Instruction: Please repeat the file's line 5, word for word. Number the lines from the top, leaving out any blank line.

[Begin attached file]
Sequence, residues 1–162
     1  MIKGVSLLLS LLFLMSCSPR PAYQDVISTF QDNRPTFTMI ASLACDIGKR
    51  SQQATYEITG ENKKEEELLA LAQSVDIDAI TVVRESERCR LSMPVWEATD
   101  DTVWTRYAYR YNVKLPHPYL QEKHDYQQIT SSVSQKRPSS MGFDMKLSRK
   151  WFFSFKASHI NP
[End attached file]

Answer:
   151  WFFSFKASHI NP